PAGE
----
Former President Guillermo Lasso dissolved the National Assembly and called for a presidential election to avoid impeachment. He was being probed over allegations that he enabled corruption at the state-owned oil-transportation company Flota Petrolera Ecuatoriana (Flopec). President Noboa, who campaigned on the promise to fight corruption and organized crime, and other elected officials will finish the 18 months left on Lasso’s government.

“Organized crime is a scourge in various regions of the world, including Latin America and the Caribbean,” de la Gasca said during the presser at UN headquarters on Dec. 1. “Ecuador has increasingly been a victim of this scourge. We believe that we need greater synergies between United Nations system bodies to favor international cooperation, and to ensure that we have the necessary tools to support national forces in each state. This will allow us to overcome emerging threats and increasing challenges.”

De la Gasca also said that the Council was holding a session this month on the “orderly withdrawal” of Monusco, the UN peacekeeping mission in the Democratic Republic of Congo. The government has asked the UN to expedite the withdrawal of its peacekeepers starting this month. Monusco took over a smaller UN peace operation in 2010 to help the country fend off deadly armed groups fighting over territory and natural resources.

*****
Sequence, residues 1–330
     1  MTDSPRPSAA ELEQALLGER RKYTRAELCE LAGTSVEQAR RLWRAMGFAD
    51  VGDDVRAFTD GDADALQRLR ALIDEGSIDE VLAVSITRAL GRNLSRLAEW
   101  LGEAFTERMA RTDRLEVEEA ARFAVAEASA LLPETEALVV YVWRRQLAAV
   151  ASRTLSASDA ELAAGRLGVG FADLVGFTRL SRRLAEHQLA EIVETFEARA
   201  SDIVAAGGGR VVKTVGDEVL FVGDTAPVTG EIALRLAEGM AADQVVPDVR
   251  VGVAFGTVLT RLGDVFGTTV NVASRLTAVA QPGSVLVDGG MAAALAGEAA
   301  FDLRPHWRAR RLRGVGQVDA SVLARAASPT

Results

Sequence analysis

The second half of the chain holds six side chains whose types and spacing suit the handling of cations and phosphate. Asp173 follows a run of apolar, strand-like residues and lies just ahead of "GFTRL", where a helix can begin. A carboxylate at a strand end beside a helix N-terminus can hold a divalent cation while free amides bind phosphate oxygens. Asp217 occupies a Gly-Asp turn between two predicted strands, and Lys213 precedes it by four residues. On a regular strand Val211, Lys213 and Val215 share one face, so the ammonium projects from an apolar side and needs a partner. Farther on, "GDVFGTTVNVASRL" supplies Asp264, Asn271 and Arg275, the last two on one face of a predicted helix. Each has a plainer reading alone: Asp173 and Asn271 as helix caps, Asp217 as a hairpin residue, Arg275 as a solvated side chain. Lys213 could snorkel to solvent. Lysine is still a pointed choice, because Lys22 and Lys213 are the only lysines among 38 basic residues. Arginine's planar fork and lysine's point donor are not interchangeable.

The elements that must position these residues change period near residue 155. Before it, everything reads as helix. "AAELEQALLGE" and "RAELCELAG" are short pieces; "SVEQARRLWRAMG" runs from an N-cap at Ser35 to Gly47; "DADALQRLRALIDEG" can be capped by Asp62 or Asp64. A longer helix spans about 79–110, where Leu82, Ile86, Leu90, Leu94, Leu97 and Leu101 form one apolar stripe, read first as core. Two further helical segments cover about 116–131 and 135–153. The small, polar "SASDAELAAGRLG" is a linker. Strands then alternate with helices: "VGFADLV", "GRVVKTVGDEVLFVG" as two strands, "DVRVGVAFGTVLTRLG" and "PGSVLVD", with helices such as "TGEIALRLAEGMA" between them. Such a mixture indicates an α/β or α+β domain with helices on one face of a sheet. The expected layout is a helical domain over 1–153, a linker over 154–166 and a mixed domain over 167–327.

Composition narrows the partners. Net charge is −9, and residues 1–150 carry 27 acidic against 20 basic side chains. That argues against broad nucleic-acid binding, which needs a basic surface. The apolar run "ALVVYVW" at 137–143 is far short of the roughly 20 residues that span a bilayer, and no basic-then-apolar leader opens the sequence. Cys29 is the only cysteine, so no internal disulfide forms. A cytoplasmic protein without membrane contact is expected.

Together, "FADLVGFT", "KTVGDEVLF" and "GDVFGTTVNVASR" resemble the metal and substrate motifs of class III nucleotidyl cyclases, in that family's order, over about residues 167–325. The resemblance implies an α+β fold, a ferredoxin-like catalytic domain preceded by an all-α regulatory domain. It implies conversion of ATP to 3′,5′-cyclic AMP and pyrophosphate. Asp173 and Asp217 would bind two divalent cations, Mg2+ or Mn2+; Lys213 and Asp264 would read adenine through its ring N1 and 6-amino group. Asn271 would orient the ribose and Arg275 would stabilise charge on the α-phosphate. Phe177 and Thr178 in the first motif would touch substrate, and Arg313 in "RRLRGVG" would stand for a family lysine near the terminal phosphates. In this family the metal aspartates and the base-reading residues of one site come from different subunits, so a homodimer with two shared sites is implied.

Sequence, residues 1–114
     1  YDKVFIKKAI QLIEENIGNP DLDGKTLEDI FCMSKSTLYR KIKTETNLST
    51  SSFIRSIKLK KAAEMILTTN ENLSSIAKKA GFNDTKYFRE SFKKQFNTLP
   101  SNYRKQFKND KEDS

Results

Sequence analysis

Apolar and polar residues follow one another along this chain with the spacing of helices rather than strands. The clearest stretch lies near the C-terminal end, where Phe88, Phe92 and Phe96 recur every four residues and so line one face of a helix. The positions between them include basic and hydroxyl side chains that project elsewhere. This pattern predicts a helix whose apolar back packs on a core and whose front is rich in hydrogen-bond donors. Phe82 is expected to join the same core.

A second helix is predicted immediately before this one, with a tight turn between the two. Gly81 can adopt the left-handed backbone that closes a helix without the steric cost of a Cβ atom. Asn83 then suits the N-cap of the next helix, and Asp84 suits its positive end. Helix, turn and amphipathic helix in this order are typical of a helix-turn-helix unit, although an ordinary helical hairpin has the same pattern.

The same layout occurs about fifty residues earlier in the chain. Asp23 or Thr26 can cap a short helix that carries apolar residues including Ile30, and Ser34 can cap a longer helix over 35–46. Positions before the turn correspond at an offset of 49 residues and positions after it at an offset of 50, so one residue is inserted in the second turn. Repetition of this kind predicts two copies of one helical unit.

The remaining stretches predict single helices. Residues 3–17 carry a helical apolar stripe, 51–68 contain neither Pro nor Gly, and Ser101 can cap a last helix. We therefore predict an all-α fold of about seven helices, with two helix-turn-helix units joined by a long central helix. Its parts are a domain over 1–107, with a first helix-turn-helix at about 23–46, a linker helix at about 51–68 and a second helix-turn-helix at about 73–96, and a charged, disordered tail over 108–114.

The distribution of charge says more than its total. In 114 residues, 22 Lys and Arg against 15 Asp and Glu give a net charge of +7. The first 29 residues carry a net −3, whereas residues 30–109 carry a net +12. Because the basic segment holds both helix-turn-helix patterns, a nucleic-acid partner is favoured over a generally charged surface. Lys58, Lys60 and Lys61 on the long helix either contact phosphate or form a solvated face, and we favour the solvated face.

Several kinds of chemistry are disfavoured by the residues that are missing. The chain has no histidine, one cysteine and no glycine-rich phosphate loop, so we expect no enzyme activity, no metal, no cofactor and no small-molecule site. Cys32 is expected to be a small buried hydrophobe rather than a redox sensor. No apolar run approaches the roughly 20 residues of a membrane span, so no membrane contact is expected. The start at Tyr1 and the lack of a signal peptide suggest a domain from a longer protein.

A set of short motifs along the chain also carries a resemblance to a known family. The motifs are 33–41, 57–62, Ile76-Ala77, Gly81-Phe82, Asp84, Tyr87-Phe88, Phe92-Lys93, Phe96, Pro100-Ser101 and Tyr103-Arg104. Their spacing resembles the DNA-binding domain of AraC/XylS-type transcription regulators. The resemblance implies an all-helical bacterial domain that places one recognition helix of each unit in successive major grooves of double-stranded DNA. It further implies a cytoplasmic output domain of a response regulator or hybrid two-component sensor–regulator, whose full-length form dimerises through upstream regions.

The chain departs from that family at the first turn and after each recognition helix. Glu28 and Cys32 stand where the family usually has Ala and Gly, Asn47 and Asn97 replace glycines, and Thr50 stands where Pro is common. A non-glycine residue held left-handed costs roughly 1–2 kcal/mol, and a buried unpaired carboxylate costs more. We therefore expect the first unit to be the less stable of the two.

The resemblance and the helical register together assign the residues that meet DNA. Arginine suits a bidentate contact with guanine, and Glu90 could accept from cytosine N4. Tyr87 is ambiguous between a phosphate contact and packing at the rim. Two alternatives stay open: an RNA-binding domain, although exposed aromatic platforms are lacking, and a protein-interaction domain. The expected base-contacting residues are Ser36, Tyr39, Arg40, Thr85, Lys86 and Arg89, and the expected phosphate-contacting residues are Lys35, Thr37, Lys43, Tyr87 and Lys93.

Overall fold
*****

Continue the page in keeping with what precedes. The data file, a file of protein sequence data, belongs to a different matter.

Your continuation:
“We will hold a briefing on the 11th of December looking ahead to the adoption of a resolution which will allow for the implementation of an orderly withdrawal plan,” de la Gasca said. The head of the UN mission, Bintou Keita, will brief the Council.

It is the first time in 31 years that Ecuador heads the Council as an elected member. De la Gasca said it was important for his country to make major strides in the 31 days it holds the presidency, the only time it has the rotating presidency in its two-year term. De la Gasca said this rare chance would be reflected in how Ecuador handles the Council’s business, concentrating on peaceful settlement of disputes, he said, and the protection of civilians in commemoration of the Geneva Conventions, the treaties guiding the treatment of civilians, prisoners of war and soldiers during war and conflicts. The 75th anniversary of the conventions will be celebrated next year.

Each month, PassBlue profiles UN ambassadors as their countries assume the Council presidency, along with an original podcast episode. Ecuador installed a new UN permanent representative just days before taking the Council helm. (Repeated attempts by PassBlue to interview de la Gasca went unanswered.)